Strenghts: Being a new deck is always an advantage because the opponent is less likely to have much experience facing your deck. They might mulligan or sideboard incorrectly, make a mistake in any scenario or underestimate the deck’s ability to cast enough spells to return a hasty phoenix to the battlefield.

Threats: Compared to Hollow One, I don’t like the deck’s backup plan if the opponent has Leyline of the VoidLeyline of the Void in their opening hand or Rest in PeaceRest in Peace for turn two. On the other hand, the deck is much better against hate like Grafdigger’s CageGrafdigger’s Cage because it doesn’t touch Reveler. One-shot effects like Relic of ProgenitusRelic of Progenitus and Tormod’s CryptTormod’s Crypt are also weaker here, so Phoenix-slinging competitors will cross their fingers to face those in Liverpool.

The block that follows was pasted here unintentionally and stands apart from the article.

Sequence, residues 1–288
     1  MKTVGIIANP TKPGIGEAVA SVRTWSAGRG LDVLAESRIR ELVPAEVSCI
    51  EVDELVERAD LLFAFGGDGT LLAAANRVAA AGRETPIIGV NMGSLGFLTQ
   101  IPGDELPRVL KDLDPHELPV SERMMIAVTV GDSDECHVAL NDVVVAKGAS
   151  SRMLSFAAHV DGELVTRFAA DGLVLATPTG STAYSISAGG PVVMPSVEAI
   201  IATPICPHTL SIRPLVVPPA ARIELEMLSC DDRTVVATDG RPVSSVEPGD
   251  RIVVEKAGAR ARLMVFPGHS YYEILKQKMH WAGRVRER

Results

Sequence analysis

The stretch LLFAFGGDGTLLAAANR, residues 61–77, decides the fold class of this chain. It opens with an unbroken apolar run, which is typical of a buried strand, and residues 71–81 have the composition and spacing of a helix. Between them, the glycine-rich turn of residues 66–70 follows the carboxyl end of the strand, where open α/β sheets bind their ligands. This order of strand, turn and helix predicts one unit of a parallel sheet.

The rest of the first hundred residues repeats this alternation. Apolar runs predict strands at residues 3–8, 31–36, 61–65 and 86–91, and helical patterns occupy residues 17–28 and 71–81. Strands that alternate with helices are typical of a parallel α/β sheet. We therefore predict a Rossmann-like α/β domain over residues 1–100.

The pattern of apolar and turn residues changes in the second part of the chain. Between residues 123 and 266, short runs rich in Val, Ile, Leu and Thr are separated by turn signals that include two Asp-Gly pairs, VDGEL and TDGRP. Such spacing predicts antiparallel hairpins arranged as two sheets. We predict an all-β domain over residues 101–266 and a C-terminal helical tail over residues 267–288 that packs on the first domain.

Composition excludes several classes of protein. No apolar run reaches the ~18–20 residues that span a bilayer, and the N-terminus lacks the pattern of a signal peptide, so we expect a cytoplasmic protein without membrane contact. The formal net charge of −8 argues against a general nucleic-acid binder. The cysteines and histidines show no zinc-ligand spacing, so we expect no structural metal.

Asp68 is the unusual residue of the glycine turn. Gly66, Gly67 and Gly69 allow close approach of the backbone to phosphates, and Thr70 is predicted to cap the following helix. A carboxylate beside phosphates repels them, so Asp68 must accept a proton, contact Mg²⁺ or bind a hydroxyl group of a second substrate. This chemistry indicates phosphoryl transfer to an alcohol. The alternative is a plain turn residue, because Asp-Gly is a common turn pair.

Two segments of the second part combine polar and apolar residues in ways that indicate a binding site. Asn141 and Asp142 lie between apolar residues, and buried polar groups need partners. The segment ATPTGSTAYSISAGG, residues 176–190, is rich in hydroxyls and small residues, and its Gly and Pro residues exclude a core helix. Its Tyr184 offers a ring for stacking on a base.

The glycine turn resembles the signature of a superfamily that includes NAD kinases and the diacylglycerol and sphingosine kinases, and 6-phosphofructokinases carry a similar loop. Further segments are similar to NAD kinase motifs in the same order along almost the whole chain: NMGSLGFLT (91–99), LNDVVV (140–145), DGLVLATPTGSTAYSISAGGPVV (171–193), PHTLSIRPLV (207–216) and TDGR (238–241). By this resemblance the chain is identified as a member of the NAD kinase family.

Thank you so much for reading this far. Next time I will go over some general tips for the tournament itself and complete the holy trinity of Unified pillars with decks featuring the best cantrip in Modern!

 

This article was written by Andreas Petersen in a media collaboration with mtgmintcard.com

Andreas Petersen

Author Andreas Petersen

Andreas is probably better known as "ecobaronen" on MTGO. After 2nd place of Team Trios #GPMadrid playing Modern he's heading to his second Pro Tour in Minneapolis this year. Andreas has an opinion about every constructed format except Standard.

More posts by Andreas Petersen